Named By: Edward Drinker Cope - 1873.
Synonyms: Aelurodon francisi, Aelurodon simulans.
Classification: Chordata, Mammalia, Carnivora, Canidae, Borophaginae.
Species: T. brevirostris (type), T. hippophaga.
Size: About 1.2 meters long.
Known locations: Across North America.
Time period: Aquitanian through to Langhian of the Miocene, possibly later into the Miocene.
Fossil representation: Multiple individuals.
relative of such genera as Aelurodon
another one of the hyena-like ‘bone crushing’ dogs of the Miocene.
This description comes from the attachments for powerful jaw closing
muscles and short muzzle which means that when borophagine canids like
Tomarctus bit on something, it was closer to the
point of jaw
articulation. This in turn means that the force from the muscles is
focused so that it is concentrated upon a smaller area so that more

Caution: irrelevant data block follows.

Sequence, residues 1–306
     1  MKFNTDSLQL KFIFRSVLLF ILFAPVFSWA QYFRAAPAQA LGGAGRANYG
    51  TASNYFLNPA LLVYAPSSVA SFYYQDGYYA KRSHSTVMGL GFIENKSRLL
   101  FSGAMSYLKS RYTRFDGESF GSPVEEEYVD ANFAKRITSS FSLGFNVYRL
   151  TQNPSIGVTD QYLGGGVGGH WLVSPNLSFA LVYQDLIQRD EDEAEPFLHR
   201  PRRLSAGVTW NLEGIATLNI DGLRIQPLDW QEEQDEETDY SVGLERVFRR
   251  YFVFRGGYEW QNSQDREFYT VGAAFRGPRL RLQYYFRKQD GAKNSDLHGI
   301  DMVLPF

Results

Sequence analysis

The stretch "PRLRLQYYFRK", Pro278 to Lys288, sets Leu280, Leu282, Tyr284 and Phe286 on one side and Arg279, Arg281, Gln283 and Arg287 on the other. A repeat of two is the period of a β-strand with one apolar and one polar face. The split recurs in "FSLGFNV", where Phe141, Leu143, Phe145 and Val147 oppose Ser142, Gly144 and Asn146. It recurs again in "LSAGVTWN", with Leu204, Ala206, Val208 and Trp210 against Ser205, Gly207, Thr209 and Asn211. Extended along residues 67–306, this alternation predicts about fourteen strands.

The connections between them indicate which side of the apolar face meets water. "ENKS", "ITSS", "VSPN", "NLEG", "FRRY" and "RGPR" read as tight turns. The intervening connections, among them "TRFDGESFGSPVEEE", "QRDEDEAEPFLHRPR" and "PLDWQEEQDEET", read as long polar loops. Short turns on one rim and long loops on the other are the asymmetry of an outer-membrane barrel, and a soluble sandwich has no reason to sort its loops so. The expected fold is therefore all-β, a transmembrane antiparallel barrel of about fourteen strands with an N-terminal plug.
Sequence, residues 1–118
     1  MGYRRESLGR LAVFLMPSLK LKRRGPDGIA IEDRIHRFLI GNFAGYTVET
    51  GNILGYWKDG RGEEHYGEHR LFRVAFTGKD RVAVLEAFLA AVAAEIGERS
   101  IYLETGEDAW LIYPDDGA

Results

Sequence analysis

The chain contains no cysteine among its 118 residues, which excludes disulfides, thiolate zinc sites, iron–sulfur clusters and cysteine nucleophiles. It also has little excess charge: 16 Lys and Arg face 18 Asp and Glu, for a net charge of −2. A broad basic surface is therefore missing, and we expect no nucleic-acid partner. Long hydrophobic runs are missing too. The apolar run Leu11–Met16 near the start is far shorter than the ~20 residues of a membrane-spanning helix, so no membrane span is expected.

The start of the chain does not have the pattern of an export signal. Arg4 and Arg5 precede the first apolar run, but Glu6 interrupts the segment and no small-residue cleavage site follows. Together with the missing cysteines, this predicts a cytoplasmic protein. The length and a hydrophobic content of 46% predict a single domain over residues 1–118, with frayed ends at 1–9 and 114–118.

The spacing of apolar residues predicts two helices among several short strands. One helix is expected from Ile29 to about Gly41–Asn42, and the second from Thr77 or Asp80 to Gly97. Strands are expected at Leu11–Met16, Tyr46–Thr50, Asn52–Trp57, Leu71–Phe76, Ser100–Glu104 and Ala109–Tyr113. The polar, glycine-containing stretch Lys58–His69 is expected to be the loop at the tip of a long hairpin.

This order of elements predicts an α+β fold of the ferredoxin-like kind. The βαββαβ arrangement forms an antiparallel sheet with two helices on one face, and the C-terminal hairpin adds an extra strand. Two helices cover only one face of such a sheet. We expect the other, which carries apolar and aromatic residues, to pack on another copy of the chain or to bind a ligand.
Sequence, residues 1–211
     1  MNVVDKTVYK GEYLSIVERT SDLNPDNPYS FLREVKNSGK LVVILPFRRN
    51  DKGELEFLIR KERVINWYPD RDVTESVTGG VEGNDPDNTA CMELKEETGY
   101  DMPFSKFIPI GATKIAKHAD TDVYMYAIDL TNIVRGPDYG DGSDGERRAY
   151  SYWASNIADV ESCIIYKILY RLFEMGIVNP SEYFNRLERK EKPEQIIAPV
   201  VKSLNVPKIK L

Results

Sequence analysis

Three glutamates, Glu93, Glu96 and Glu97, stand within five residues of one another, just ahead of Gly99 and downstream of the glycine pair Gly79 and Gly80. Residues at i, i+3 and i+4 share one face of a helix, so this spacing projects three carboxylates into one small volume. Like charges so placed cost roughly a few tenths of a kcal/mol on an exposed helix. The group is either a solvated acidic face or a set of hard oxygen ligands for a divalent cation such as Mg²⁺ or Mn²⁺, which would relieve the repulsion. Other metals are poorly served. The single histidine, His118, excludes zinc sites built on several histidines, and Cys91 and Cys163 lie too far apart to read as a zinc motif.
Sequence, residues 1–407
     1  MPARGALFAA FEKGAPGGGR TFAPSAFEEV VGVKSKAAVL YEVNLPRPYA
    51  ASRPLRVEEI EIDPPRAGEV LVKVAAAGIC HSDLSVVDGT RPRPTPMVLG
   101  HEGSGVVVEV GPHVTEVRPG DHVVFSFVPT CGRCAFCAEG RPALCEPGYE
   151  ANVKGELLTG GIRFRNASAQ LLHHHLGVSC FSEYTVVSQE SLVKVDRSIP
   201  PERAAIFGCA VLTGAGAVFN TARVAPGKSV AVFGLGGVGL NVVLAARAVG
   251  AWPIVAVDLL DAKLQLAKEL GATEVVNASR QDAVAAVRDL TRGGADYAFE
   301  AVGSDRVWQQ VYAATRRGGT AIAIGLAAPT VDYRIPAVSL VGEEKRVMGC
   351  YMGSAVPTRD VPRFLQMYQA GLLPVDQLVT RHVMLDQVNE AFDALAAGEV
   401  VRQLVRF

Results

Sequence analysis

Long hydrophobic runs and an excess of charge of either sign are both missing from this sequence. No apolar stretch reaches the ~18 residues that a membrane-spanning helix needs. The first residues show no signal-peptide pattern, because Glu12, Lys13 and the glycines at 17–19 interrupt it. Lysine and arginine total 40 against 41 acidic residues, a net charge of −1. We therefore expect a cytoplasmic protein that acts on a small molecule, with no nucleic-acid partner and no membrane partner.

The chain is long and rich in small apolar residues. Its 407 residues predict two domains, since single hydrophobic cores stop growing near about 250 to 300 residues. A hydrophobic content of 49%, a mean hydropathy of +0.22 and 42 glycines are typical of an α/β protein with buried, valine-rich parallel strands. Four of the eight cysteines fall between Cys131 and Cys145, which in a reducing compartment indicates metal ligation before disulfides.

damage could be done to whatever is being bitten. This is exactly the
same with a modern hyena.
The high bite force of Tomarctus is beyond that necessary to kill an animal, which leads to speculation that scavenging was just as an important part of the diet as was hunting, perhaps even more so. Scavengers however usually get to a carcass after most if not all of the fleshy parts have been devoured, probably by the animal or animal that made the kill. This would be no problem for an animal with jaws like those of Tomarctus however since it had the necessary jaw adaptations for cracking open the bones so that it could get at the marrow within. Bone marrow by itself is one of the most nutritious things in the natural world, and when encased in bone under the right conditions it can last for months and even years after the death of an animal. However, just because Tomarctus was well suited to being a scavenger, it does not mean that they never killed their own prey.
Tomarctus is known to have existed for at least the first half of the Miocene, and seems to have disappeared with the appearance of later borophagine forms like Aelurodon. During the early half of the Miocene Tomarctus would have lived amongst other groups of carnivores such as false sabre-toothed cats, bear dogs and entelodonts.
- Phylogenetic systematics of the Borophaginae, X. Wang, R. H. Tedford & B. E. Taylor - 1999.
- Small mammal fossils from the Barstow Formation, California, E. H. Lindsay - 1972.